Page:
Bible Verses That Haunt Me
There are parts of the Bible I don’t like to read. No, it’s not the boring genealogies. Or the staccato proverbs. These parts are different. They don’t put me to sleep but awaken within my conscience a beast I prefer to let slumber. The more I read them, the more he growls. Bares his teeth. Roars. And soon this beast with a head of guilt, claws of doubt, and a body of shame begins an all-out attack upon the peace of heart I have so tried to nurture.
When I hear Paul say, “I urge you to walk in a manner worthy of the calling to which you have been called,” (Eph 4:1) all I hear are the catcalls of the demons who have recorded, in excruciating detail, the manifold ways I have lived in a manner unworthy of the name Christian.
When I hear Paul say, “Only let your manner of life be worthy of the gospel of Christ,” (Phil 1:27) all I see are the major and minor events in my life in which I gave the unbelieving world opportunity to ridicule the church as a horde of hypocrites who don’t practice what they preach.
When I hear the apostle say that his prayer is that I “walk in a manner worthy of the Lord, fully pleasing to him, bearing fruit in every good work and increasing in the knowledge of God,” (Col 1:10) I slam the Bible shut, shove it back on the shelf, and say, “I give up. Worthy of the Lord? Fully pleasing to him? Every good work?” Each phrase invites the beast within me to rake his claws over my soul.
And I could go on. I could quote verse upon verse from the Bible that demands worthiness from me. That tells me to be the man God wants me to be. That calls me to an obedience I have not attained, to a holiness I have not acquired, to a bar I can never jump over.
These parts of the Bible are bad news for a bad man who’s lived a bad life. Maybe all I need to do is try harder? I’ve done that. Maybe all I need to do is live a more disciplined life? I’ve tried that too. Maybe I just need to work harder, pray harder, push myself more to be holy, worthy, good the way God that wants me to be? Listen, I’ve done that. And eventually I fall flat on my face. Every. Single. Time.
I am no good at being good.
In the din of shrill voices that accuse me there is one that sounds different. It’s a voice that gradually increases in volume until it shouts down all the others. It beckons me away from all the verses that make demands of me.
It asks nothing of me.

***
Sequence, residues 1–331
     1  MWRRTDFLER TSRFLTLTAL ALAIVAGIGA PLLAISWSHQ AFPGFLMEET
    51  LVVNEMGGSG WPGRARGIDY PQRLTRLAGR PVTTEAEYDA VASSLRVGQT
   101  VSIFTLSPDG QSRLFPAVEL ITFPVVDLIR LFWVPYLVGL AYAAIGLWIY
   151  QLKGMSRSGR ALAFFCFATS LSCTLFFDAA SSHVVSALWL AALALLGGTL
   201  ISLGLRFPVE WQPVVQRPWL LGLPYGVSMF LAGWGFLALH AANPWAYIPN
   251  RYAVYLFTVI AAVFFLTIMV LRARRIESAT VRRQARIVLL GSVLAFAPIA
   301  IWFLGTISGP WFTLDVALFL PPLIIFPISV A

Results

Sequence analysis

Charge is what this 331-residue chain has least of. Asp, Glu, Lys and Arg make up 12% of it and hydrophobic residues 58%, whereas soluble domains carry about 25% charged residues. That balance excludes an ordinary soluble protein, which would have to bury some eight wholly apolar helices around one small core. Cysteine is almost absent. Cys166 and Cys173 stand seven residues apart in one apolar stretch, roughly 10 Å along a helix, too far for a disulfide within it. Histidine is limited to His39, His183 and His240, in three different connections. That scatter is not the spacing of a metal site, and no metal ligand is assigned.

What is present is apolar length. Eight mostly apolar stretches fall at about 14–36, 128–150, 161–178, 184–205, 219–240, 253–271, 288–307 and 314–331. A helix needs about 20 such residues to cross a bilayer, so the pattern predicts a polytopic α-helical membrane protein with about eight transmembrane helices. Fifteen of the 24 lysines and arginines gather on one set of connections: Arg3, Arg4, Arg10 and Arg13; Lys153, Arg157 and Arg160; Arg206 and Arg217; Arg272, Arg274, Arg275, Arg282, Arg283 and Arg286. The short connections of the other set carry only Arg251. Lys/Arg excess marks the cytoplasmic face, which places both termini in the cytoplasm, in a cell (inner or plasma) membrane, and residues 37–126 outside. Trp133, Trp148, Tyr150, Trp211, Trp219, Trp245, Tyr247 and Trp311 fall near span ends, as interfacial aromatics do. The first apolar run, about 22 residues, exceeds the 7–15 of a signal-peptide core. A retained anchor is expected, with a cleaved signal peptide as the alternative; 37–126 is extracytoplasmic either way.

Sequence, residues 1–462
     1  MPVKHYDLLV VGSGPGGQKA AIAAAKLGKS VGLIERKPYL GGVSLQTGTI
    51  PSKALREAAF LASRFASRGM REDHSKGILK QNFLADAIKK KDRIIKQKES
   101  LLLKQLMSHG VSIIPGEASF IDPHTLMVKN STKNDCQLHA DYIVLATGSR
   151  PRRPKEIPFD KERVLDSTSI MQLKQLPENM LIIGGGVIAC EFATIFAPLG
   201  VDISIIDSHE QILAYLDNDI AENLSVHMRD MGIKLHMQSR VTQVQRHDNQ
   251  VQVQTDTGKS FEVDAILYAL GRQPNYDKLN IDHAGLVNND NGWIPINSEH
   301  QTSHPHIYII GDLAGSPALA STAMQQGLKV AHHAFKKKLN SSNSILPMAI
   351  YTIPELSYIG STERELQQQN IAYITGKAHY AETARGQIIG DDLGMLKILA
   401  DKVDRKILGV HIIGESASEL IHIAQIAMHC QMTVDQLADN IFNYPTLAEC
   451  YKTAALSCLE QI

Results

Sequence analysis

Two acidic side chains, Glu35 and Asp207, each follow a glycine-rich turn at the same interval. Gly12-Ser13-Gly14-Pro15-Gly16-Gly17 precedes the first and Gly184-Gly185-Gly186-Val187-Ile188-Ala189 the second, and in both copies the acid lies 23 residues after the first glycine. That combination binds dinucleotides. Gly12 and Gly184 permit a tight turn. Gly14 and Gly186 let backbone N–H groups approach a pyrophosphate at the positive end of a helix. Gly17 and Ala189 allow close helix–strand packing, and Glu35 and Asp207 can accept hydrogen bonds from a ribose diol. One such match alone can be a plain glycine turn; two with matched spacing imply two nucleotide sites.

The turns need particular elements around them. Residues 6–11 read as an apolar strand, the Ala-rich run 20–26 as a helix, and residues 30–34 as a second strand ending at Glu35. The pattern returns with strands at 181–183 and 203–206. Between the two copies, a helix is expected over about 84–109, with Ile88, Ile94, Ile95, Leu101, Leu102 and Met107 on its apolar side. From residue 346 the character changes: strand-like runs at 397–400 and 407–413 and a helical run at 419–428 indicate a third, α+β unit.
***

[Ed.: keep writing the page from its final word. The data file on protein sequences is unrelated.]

And gives everything.
It says, “There is therefore now no condemnation for those who are in Christ Jesus,” (Rom 8:1). And before I can begin to dispute with it, to list out all the reasons I stand condemned, it puts a finger to my lips and says, “There is therefore now no condemnation.” And as I begin to object, “But look at all I’ve done,” it repeats, “There is therefore now no condemnation, no condemnation, absolutely no condemnation.”
The dying words of Jesus were not, “Make it worth it,” but “It is finished.” My sins are finished. My guilt is finished. My unworthiness, the beast within me, the accusing demons—all are finished.
There is therefore now no condemnation for those—for me, for you, for all of us unworthy ones—who are in Christ Jesus.
Other Bible verses haunt me. This one chases away those ghosts of guilt. My whole life hangs upon it, for my whole life hangs upon the one who looked down from the cross not to say, “Earn this,” but, “It is finished, all for you.”
What we need in our fragmented world, full of hurting people, is the love of Jesus Christ, who welcomes home sinners with a grace that knows no bounds. My book Christ Alone: Meditations and Sermons, is packed with reflections that go that extra mile of grace. Again and again, they present the Christ who is crucified and risen for you. Please take a moment to check it out here. You may also be interested in my collections of hymns and poetry entitled, The Infant Priest, which you can purchase here. Both books are also available on Amazon, as is my booklet Why Lutherans Sing What They Sing (also on Kindle). Thank you for your prayers and support!